In 2006, a new name entered the British hi-fi sector with the introduction of a modest line of mid-priced hi-fi separates. The best of these was the tube-buffered CD player, which sounded very different from its price competitors. It didn’t take the Astin Trew AT3500 long to develop a cult following. With UK design overseen by founder Michael Osborne and manufactured in China, this £1,150 machine was absolutely of its time – in a world of relatively explicit and bracing sounding silver disc spinners, this one epitomized the move towards a warmer and more rounded sound. Indeed, for the price, it sounded like nothing else, being smooth and nearly euphonic in its presentation.
It was a good, robust design from a technical standpoint, but nothing extraordinary. The transport consisted of a thick aluminium base plate with compliant anti-resonance dampening, which was isolated from the main casework by the Phillips VAM1202 mech and CD711 servo. The pricey ‘C core’ transformer powered a Burr Brown PCM1738 DAC with independent power sources for each sector. The ECC88 double triode valve was then utilized to buffer the output. The chassis was a lavish, anodised aluminium affair, and inside it sported a high performance clock with dedicated power supply; a Class A biased analogue output stage was used and a number of expensive passive components including Auricap capacitors were specified.
It was a big machine, measuring 430x340x110mm and weighing 9.1kg. The appealing venting on the case top, as well as graceful heatsinking around the sides, matched the clean front panel. With flush-mounted hex-head fixings and excellent gunmetal/titanium paintwork, it seemed a neat looking machine at the time. The downside was the rather crude fluorescent display set behind a mirrored fascia, which looked a little gaudy and didn’t convey information as elegantly as some. The upsampling button, which is rated at 24bit/96kHz, is the only frontal control of mentioning.
A Plus option was offered for a premium of £220, which bought you extra case damping and improved internal cabling from the DAC board to the buffer amp and the buffer amp to the output, replaced with the highest quality pure copper. A new, old stock Philips JAN (Joint Army Navy) valve, which ended manufacture about 1963, was installed in place of the normal Electro Harmonix EC88 buffer valve.
The AT3500 was a wonderful machine that won multiple group testing in 2007 and 2008, thanks to its incredibly smooth and melodious sound. It lacked low-level detail, but its great tonality made it extremely popular with valve lovers; for a brief period, it was the de rigeur CD spinner to be seen with at hi-fi exhibits, particularly for manufacturers whose products were centered around the tube sound. It was also quite good rhythmically, able to convey a more unified sense of the music’s phrasing than many competitors, who sounded sterile in comparison.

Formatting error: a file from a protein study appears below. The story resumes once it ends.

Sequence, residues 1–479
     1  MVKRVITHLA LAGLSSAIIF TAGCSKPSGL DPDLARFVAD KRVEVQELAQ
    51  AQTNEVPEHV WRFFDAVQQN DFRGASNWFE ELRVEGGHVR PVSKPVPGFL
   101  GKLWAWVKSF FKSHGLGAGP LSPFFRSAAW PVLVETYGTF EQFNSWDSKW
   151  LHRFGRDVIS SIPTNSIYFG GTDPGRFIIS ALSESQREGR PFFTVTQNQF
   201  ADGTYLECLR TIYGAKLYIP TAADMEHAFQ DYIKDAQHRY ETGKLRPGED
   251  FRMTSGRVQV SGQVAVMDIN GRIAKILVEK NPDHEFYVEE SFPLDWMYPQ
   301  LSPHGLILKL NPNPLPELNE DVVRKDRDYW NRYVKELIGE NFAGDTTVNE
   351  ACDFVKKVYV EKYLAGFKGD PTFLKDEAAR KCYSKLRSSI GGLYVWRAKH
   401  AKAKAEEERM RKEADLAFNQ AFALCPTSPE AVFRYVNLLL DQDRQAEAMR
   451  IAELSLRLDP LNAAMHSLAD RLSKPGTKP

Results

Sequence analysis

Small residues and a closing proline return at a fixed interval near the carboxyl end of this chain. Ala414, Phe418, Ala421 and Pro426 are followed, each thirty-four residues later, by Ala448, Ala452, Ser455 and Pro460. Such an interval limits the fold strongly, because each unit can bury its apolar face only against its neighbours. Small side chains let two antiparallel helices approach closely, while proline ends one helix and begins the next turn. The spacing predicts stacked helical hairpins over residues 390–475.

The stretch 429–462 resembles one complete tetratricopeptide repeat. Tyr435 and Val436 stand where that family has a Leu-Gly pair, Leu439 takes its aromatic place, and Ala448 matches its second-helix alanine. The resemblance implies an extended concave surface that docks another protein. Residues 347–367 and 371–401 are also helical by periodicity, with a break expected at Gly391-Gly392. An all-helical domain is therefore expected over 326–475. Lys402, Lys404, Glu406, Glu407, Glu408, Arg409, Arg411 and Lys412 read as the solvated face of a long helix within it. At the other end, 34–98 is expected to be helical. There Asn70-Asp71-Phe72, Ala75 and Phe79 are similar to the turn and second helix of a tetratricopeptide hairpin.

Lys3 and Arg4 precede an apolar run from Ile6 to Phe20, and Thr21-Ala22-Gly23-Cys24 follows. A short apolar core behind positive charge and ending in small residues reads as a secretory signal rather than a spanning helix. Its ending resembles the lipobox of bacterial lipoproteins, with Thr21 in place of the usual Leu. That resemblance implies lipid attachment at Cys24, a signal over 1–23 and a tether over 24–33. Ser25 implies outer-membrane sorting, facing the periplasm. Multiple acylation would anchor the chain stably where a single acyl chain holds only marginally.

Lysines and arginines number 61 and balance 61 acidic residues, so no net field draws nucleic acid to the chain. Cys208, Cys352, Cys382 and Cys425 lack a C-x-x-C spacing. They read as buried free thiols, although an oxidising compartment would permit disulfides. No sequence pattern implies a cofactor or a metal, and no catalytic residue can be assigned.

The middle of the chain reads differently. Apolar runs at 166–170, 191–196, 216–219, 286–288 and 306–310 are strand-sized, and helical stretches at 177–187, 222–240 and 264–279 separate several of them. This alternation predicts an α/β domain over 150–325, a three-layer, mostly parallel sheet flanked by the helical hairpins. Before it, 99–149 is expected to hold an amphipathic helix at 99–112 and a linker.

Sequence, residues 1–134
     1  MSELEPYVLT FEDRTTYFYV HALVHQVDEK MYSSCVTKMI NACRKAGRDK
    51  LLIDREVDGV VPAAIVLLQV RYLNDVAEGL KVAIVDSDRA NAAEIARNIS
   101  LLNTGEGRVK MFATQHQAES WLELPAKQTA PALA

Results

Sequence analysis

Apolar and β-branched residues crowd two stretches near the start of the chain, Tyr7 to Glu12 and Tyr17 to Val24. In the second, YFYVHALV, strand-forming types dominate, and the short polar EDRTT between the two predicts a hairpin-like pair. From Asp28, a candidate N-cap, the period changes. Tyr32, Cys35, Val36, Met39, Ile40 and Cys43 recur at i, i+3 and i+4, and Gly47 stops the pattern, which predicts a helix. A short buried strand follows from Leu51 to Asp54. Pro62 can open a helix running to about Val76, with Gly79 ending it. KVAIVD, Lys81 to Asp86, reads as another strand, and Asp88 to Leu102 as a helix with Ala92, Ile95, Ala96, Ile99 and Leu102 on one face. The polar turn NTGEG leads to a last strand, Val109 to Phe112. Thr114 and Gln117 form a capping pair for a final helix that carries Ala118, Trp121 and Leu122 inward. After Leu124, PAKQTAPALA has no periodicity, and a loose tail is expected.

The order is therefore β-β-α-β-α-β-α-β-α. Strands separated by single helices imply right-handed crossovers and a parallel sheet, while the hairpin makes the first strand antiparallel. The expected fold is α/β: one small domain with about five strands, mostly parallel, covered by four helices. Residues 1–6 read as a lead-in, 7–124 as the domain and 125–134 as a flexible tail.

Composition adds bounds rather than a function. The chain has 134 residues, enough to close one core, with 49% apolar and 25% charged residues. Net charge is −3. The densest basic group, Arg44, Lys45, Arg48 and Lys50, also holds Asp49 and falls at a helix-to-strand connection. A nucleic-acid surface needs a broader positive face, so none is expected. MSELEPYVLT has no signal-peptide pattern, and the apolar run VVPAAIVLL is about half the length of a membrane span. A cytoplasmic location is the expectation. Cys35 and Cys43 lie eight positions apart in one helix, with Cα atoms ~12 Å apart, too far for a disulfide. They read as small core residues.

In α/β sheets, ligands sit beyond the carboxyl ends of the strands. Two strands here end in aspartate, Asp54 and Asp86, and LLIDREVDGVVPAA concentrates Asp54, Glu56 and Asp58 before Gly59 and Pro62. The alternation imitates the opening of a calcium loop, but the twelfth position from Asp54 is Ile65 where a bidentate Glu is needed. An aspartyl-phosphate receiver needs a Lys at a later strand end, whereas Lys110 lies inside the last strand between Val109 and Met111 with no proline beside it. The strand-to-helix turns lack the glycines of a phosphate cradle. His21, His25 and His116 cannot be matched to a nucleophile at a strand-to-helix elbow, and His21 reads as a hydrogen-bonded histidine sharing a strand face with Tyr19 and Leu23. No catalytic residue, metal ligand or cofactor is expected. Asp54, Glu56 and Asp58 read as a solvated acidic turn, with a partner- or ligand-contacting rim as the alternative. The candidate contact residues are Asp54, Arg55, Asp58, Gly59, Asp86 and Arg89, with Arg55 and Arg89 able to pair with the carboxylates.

It was a sweet-sounding device, but when the £1,300 AT3500+ arrived a year or two later, we realized there was still more to come; the Plus version was syrupy-sweet, especially when the Upsampling button was engaged. The treble was silky smooth, the midrange was smooth and sensitive, and the bass was full and thick. The only drawbacks were that the machine sounded a little coloured and opaque when compared to competitors such as the Cyrus CD8, that the treble was a little constricted, and that the bass wasn’t the tightest or tautest around.
These days, the second-hand market makes the Astin Trew relatively affordable, although it is still holding its value well simply because it remains something of a cult object. It’s a hi-fi flag of digital disobedience that identifies you as someone who knows exactly what they want and understands why it’s not available on popular devices. It’s still worth a look – and a fantastic secondhand bargain – with a nice reliable mech and decent spares support. The AT3500 is still available new, but most people paying £1,500 or so for a digital source nowadays want full DAC functionality, which the Astin Trew simply doesn’t have. That’s the main thing that makes it seem old; the sound doesn’t.